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Anti Valentine's Day events in Chicago

In which the unattached throw off the yoke of Valentine’s Day oppression.
By Hank Sartin |

We the single people are fully aware of the approaching nightmare that is Valentine’s Day. Yes, we know that—like sleepy puppies, Baileys-flavored ice cream and Ryan Gosling—romance is terrific. Got it. Enough already. We who are not in love, not in a relationship, not even dating, are tired of feeling like inadequate consumers and objects of pity on V-Day. We’re fed up with your dinner-for-two deals and couples’ massages onthe 14th. We’re taking back the night. We have rights, and we will not be ignored!

We have the right to tell tales of one-night–stands and loneliness loudly and in public without fear of derision. Thank heaven for ideas like the new reading series Solo in the Second City (Cobra Lounge, 235 N Ashland Ave; Mon 13, 8–9:30pm; free), where we can hear people talk without fear of reprisal about the joys and, yes, sometimes woes of being single.

We have the right to a good table for one in a restaurant. And no, that one near the kitchen and the bathrooms does not count. We understand that with rights come responsibilities, and we promise to tip generously because we know full well that waiters live by the gratuity, and a one-top is considered by many in the profession to be tipping hell.

We have the right to a good stiff drink with no judgment about being at a bar alone. If we strike up a conversation it does not mean we are hitting on you, we swear. Hallelujah for the Franklin Tap’s Beer is My Valentine (325 S Franklin St, 312-212-3262; Tue 14, 11am–midnight), where we can purchase drink specials to celebrate one of the longest relationships we’ve been in—with beer, which, as Homer Simpson so rightlyputs it, is “the cause of, and solution to, alllife’s problems.”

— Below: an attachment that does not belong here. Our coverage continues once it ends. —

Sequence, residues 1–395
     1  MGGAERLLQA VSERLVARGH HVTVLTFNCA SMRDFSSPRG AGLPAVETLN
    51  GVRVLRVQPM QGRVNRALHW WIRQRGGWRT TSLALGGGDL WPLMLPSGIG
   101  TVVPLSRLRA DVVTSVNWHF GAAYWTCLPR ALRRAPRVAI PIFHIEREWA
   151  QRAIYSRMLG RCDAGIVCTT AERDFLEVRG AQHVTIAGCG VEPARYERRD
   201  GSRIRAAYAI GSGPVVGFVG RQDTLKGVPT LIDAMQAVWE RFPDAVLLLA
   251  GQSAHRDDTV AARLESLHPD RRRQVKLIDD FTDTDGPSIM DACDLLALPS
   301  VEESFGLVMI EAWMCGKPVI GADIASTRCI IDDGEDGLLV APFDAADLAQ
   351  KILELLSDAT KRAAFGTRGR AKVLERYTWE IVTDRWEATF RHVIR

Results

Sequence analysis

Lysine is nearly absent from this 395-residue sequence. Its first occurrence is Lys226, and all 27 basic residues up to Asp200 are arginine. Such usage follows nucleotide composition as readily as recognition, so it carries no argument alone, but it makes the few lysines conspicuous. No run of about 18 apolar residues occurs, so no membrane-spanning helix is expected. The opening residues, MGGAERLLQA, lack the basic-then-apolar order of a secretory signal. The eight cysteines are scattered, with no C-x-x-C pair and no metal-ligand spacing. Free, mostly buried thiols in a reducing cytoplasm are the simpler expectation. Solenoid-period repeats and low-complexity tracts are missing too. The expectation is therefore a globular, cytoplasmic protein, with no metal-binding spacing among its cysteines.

We have the right to party, and,contra the Beastie Boys, we shouldn’t have to fight for it. We demand a safe, happy space to dance solo. Obviously, we didn’t have to explain that to the Fabulous Ladies of Fitness, who decided to make “love is a battlefield” the February theme of their monthly Get Physical dance party (Cole’s Bar, 2338 N Milwaukee Ave, 773-276-5802; Thu 9, 9:30pm–1:30am; free).

We have the right to special deals that don’t involve being in a twosome. Not every spa package should be for two (and, ew, those couples massages sound so unsanitary). Avieve Spa and Salon (2558 N Southport Ave, 773-281-3330) gets that; its Over Him package includes a brow wax and blow-out for $50.

We have the right to a February 14 office conversation that does not involve your pudding-wudding and the trail of rose petals you awoke to this morning that led from the bed to the kitchen table, where heart-shaped French toast awaited you. Aww. So sweet! Put a sock in it.

We have the right to a proper education. In particular, we’d like to know more about this “romance” of which you speak. We are therefore gratified to hear of Night Lab: the Science of Love and Attraction (Schubas, 3159 N Southport Ave,; Sun 12 at 6:30pm; free), at which professor Eli Finkel will talk about the psychology of online dating sites. Then, to add a bit of risque fun, Rebecca Fons, the education program manager for the Chicago International Film Festival, will talk about doin’ it onscreen and how actors fake it.

We have the right to do nothing on Valentine’s Day, and to not be made to feel we must explain ourselves. Tuesday the 14th? Well, I might be reading a book that evening. You got a problem with that?

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